Trooper killed in Beaver County crash was 3 months from retirement
A state trooper who was three months from retirement died on Thursday when a tractor-trailer ran a stop sign and hit his patrol car broadside at a rural intersection in South Beaver, state police said.
State police identified the trooper as Blake T. Coble, a 24-year veteran who works out of Troop D, Beaver Station, where they said his wife, Brenda, is a dispatcher. They have two children, 6 and 8.
“His untimely death left two children without a father and a wife without her husband,” State Police Commissioner Frank Noonan said in a statement.
The accident happened about 10 a.m. at the intersection of Route 168 and Blackhawk Road, shutting the roadways for hours after the crash.
Coble, 47, was taken to Heritage Valley Beaver hospital in Brighton Township where he died, according to Noonan. He was the 94th Pennsylvania trooper killed in the line of duty.
The driver of the tractor-trailer, Gregory Golkosky, 47, of Mt. Pleasant, was not injured. He was not charged on Thursday, and the investigation is continuing, police said.
No one answered the door at Coble's home in a quiet South Beaver neighborhood about three miles from the crash site.
Neighbors described Coble as a devoted family man who was looking forward to his retirement and traveling. The couple were shopping for a travel trailer to hitch to an SUV they bought last weekend, said Tami Riggle, 50.
Riggle said Coble enjoyed playing with his children and their friends. He would hitch a cart to an all-terrain vehicle and slowly drive them around, Riggle said.
“He was friendly as ever and would do anything for you,” said Heather Barger, 42. “Just a very kind, very devoted husband and father. When he wasn't working, he was playing with his kids, and you could tell he loved that more than anything in the world.”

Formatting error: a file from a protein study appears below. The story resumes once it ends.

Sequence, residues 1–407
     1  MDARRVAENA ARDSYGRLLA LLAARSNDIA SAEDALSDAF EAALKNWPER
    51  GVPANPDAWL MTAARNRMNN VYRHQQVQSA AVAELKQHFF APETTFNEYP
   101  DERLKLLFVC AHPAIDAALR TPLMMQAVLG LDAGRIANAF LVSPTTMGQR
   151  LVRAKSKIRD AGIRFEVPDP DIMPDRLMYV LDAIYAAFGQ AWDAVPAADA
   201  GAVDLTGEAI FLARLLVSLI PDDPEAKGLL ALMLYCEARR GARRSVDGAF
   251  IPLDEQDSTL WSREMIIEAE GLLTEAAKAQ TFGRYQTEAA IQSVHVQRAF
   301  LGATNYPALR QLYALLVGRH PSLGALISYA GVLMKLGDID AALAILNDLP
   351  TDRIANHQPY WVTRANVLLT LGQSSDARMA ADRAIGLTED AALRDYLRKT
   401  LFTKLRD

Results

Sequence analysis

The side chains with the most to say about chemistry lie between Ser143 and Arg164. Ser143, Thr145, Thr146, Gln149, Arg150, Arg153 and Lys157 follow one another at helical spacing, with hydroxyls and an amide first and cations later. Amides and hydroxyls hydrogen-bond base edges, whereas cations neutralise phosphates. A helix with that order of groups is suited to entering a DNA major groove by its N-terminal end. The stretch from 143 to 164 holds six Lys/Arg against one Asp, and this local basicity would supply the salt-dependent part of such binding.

Beaver County District Attorney Anthony Berosh said Coble once worked a dangerous assignment as an undercover narcotics officer, but the accident shows “patrol work is also inherently dangerous.” The tractor-trailer was headed south on Route 168 when it drove through a stop sign and slammed into the driver's side of Coble's patrol car, state police said in a news conference at the Beaver barracks.
“It's tough. We lost a friend, a wife lost her husband, two children lost their father,” said state police Lt. Eric Hermick.
Trooper Richard McEwen smiled as he reminisced about Coble's waist-length hair when he worked undercover drug cases.
“He was a good crime guy, a good interviewer, just an all-around good trooper,” McEwen said.
It has been more than a decade since a trooper died in a traffic accident, state police said. In 2001, Trooper Tod Kelly died upon being struck by a vehicle as he removed debris from Interstate 79 in Robinson, state police said.
Police said a full military funeral would likely be held for Coble, pending his family's wishes. Gov. Tom Corbett ordered all Pennsylvania flags in the Capitol complex in Harrisburg and at state facilities in Beaver County to fly at half-staff until his burial.
Tom Fontaine is a staff writer for Trib Total Media. He can be reached at 412-320-7847 or firstname.lastname@example.org.
Show commenting policy
TribLive commenting policy
You are solely responsible for your comments and by using TribLive.com you agree to our Terms of Service.
We moderate comments. Our goal is to provide substantive commentary for a general readership. By screening submissions, we provide a space where readers can share intelligent and informed commentary that enhances the quality of our news and information.
While most comments will be posted if they are on-topic and not abusive, moderating decisions are subjective. We will make them as carefully and consistently as we can. Because of the volume of reader comments, we cannot review individual moderation decisions with readers.
We value thoughtful comments representing a range of views that make their point quickly and politely. We make an effort to protect discussions from repeated comments either by the same reader or different readers.
We follow the same standards for taste as the daily newspaper. A few things we won't tolerate: personal attacks, obscenity, vulgarity, profanity (including expletives and letters followed by dashes), commercial promotion, impersonations, incoherence, proselytizing and SHOUTING. Don't include URLs to Web sites.
We do not edit comments. They are either approved or deleted. We reserve the right to edit a comment that is quoted or excerpted in an article. In this case, we may fix spelling and punctuation.
We welcome strong opinions and criticism of our work, but we don't want comments to become bogged down with discussions of our policies and we will moderate accordingly.
We appreciate it when readers and people quoted in articles or blog posts point out errors of fact or emphasis and will investigate all assertions. But these suggestions should be sent via e-mail. To avoid distracting other readers, we won't publish comments that suggest a correction. Instead, corrections will be made in a blog post or in an article.